The Americans let it happen, maintaining a respectful distance. Such efforts had been anticipated by the home forces.

For now, there was an uneasy stalemate.

And it was going to take a lot more than the ritualistic exchange of pandas to solve this political problem.

The Premier hadn’t lied. The Chinese people were demanding a response. His military wanted to respond as well, anxious to shake off the “peace disease” that had afflicted and weakened their ranks. Escalation was in the air. The US and Chinese navies were facing each other, commanders with fingers on triggers waiting for the order to fire. Rival jets were flying so close to each other it was a miracle none had collided. Citizens both East and West were baying for each other’s blood, humiliated by the blows to their national prestige.

“Why should I meet with you tomorrow? How do I know you don’t have more outrages planned?”

“Because the criminals behind this are pushing us towards conflict . . . conflict neither of us really want. The world is holding its breath, just like it did during the Cuban Missile Crisis. Mr Premier, this is our Cuban Missile Crisis. A show of unity at the UN would be the best way to show everyone that we’re jointly determined not to be cowed or coerced by terrorism.”

“By all rights, I should just leave. Your actions prove you are a poor host.”

“I implore you to stay, Mr Premier,” said POTUS, soundly deeply sincere. “This is a time for unity. For diplomacy. Not for leaving the negotiating table. We need to unclench our hands.” And our sphincters, perhaps, thought the Premier. Then the other man added: “I can guarantee your safety.”

For a moment the US President sounded like a Mafia godfather, guaranteeing a rival’s security at a sit-down where the rival would be assassinated.

The Chinese Premier paused for a long time. Many thoughts swirled through his head. The sinking of the carrier. His own domestic political situation. The military posture of the Americans. The risk of his own assassination, just like that of the American Vice President, a secret his security forces had winkled out. The possible repercussions if he did leave.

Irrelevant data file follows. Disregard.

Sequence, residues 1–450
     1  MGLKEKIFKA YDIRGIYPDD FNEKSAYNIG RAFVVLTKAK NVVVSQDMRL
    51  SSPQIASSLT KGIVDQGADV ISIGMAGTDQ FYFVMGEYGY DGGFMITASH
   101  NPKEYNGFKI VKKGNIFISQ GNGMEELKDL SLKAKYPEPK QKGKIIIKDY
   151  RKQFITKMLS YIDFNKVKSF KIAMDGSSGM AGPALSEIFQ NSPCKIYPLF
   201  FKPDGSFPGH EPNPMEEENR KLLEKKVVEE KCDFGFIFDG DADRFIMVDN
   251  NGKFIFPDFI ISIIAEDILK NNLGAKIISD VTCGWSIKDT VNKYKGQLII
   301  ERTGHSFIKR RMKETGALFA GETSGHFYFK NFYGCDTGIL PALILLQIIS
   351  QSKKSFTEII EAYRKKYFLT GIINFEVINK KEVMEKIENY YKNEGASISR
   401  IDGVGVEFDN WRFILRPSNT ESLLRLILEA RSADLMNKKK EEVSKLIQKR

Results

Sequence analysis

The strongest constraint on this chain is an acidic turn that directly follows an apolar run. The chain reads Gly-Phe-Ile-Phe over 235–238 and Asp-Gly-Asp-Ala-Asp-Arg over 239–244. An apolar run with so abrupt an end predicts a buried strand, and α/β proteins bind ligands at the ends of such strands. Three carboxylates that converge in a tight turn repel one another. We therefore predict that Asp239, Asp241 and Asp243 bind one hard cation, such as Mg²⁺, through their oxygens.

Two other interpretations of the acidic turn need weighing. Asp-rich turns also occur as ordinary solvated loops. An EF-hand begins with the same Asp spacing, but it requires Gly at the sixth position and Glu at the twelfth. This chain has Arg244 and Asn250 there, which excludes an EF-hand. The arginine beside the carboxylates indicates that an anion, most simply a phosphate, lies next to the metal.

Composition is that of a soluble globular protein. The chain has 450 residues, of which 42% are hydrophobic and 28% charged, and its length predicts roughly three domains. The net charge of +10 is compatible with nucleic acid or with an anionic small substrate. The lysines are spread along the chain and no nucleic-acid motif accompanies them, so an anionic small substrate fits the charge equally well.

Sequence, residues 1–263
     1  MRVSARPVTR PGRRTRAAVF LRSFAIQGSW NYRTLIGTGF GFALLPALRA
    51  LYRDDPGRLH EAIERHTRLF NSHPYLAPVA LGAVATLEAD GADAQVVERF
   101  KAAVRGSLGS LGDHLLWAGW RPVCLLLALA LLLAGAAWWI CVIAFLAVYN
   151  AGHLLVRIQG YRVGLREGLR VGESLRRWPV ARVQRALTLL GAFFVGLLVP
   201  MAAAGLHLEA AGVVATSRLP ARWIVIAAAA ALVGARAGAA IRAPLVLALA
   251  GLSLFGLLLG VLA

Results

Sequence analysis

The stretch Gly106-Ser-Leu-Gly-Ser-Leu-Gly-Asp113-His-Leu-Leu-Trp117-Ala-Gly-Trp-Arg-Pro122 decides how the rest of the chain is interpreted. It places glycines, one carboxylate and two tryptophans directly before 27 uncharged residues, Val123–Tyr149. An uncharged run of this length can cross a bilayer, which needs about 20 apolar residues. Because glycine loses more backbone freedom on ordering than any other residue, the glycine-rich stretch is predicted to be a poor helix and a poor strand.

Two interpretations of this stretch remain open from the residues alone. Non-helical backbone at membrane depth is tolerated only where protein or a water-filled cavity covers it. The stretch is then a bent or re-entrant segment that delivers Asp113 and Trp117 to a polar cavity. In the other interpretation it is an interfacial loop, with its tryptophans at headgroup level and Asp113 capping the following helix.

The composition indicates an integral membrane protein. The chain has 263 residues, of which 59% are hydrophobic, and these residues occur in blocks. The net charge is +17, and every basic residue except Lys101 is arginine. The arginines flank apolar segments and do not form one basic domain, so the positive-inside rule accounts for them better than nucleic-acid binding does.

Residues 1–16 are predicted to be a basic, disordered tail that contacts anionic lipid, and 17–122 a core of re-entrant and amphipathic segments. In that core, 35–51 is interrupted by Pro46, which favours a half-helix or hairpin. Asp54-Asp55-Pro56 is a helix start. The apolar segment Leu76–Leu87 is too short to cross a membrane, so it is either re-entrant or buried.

What was the right thing to do? What would be gained by staying? Was “POTUS” planning further attacks?

The American President was supposedly a “good” and “honest” man. But how “good” could any leader that sent men to their deaths be? And how “honest” was any leader who would give the order to suddenly blow an aircraft carrier out of the water with a secret, undeclared weapon?

The Chinese Premier often found the Americans inconsistent. Whereas the Chinese stated their intentions and kept their word – the benefits, perhaps of having a one-party system – American policy and intentions sometimes varied between Presidents and administrations. That made them unpredictable, prone to about-turns and policy changes based on personality and public opinion.

And they called the Chinese inscrutable.

But POTUS wasn’t completely off the mark. They had both lost aircraft carriers. There was a delicate balance of sorts as the two navies stared down at each other on the South China Sea.

“Mr Premier?” prompted POTUS.

The Chinese Premier paused again. He needed to make the right decision here, particularly after the early “retirement” of his predecessor. The stakes for him – personally – were high. Perhaps he needed to play for time. Perhaps staying put was the wise move.

And above all else he needed to make the wise move. His predecessor had made “unwise” moves. And look what had happened to him.

And so the Chinese Premier eventually said: “I will stay, Mr President. But there had better be no more surprises. No more sunken ships or death from above. Because then we might be faced with circumstances neither of us will be able to control.”